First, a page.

“Best” doesn’t mean the most qualified, talented, or honest

This is a running theme throughout the book: When Trump gets sued, he hires the “best” lawyers. When his casinos are struggling, he hires the “best” managers from other companies.

The point is that he sees “hiring the best people” as a legitimate solution to problems with his deals. While most politicians think they themselves are supposed to come up with policy solutions to problems, Trump actually thinks that “hire the best people” is itself a policy solution.

This isn’t an original observation. Scott Alexander, the excellent writer behind SlateStarCodex, had a similar thought after reading The Art of the Deal.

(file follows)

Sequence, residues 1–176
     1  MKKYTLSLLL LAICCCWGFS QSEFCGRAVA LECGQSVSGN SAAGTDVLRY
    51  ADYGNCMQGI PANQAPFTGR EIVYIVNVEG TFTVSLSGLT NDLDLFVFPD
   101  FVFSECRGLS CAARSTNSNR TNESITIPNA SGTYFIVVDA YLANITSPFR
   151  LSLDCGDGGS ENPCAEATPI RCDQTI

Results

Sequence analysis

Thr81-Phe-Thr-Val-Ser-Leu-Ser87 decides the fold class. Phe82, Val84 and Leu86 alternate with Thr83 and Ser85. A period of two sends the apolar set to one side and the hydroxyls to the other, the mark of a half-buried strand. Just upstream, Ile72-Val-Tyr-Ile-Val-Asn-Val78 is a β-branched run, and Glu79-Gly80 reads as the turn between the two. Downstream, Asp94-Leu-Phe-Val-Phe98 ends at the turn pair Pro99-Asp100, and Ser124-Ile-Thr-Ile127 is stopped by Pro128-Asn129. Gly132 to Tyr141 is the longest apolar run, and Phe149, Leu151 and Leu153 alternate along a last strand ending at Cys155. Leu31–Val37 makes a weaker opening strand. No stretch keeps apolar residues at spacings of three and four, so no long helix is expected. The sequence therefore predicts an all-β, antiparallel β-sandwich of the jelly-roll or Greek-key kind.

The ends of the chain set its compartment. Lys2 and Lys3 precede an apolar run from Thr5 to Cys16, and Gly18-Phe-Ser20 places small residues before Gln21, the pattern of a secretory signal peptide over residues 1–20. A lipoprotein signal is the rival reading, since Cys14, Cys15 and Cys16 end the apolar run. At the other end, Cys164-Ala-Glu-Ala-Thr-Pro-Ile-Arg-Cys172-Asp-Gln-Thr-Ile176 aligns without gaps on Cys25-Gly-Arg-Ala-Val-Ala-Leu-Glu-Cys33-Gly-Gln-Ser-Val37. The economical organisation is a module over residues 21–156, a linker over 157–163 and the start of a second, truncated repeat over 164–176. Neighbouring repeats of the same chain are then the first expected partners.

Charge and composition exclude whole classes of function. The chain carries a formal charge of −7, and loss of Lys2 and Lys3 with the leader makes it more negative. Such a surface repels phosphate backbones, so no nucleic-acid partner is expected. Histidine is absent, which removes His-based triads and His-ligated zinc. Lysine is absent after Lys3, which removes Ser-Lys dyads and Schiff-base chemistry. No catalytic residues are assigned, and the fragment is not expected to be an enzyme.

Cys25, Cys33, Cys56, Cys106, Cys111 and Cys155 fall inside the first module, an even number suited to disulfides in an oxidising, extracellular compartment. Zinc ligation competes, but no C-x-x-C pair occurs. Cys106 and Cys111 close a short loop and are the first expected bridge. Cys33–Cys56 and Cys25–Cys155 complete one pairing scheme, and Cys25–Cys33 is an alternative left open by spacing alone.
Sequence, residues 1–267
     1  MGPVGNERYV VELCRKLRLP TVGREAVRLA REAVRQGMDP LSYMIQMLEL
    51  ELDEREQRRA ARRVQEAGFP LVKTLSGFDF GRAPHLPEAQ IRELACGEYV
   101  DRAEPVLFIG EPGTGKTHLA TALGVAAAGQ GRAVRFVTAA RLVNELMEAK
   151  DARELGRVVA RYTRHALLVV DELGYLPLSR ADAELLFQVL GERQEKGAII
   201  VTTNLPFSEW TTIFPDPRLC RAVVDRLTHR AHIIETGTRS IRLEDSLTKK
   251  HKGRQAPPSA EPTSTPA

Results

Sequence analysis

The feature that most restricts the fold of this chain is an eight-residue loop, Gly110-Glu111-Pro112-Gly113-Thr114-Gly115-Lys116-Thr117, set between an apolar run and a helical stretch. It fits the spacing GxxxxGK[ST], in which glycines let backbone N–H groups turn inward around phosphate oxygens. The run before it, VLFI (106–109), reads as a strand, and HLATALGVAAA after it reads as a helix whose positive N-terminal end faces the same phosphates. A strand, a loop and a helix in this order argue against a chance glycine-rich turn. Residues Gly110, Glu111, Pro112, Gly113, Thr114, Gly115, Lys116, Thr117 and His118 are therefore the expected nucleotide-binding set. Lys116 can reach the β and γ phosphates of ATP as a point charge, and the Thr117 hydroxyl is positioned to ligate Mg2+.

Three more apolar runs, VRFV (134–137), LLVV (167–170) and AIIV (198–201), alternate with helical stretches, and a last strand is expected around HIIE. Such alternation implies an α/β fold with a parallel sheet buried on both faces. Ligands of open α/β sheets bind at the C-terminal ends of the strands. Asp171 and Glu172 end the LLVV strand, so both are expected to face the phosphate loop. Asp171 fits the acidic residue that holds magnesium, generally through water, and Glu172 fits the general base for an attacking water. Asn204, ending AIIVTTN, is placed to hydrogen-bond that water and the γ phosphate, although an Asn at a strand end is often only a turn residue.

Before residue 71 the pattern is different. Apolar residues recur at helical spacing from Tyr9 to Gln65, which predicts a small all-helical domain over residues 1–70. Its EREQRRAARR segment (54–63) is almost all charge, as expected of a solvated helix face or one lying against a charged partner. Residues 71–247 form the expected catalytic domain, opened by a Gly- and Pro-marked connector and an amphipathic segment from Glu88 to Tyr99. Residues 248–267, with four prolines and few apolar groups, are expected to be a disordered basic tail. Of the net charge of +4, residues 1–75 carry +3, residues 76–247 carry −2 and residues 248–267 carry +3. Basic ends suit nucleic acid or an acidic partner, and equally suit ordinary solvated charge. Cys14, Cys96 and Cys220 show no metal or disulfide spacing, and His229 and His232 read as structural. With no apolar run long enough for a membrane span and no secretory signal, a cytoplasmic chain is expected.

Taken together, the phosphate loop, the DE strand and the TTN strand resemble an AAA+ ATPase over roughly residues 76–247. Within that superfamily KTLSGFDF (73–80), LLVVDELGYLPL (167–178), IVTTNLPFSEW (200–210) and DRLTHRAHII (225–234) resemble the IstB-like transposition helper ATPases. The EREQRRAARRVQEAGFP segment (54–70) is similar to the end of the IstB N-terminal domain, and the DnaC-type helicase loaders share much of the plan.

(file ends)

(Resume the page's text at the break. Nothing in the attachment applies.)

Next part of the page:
“This thing about hiring the best people, for example, seems almost like an obsession in the book,” Alexander writes. “When he says that he’s going to solve Medicare by hiring great managers and knowing all the right people, I don’t think this is some vapid way of avoiding the question. I think it’s the honest output of a mind that works very differently from mine.”

But there’s an important difference between what Trump means when he says “the best people” and what most people think he means. For Trump, “best” doesn’t necessarily mean the most qualified, talented, or honest: it means the person whose services most benefit Trump, and who will be the most loyal to him personally.

–Zack Beauchamp, Donald Trump’s run for president is baffling–until you read The Art of the Deal


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